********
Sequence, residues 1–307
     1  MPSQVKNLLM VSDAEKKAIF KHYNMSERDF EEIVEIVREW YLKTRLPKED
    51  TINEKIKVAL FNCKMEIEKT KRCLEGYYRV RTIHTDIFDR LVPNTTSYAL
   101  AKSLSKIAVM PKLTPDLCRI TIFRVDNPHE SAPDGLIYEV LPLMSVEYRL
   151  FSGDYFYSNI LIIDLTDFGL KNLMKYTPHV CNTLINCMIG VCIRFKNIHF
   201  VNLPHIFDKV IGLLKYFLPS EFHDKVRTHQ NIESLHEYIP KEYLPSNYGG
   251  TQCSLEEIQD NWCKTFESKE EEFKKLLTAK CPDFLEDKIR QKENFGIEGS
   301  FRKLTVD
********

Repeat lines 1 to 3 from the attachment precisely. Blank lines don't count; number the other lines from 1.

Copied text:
Sequence, residues 1–307
     1  MPSQVKNLLM VSDAEKKAIF KHYNMSERDF EEIVEIVREW YLKTRLPKED
    51  TINEKIKVAL FNCKMEIEKT KRCLEGYYRV RTIHTDIFDR LVPNTTSYAL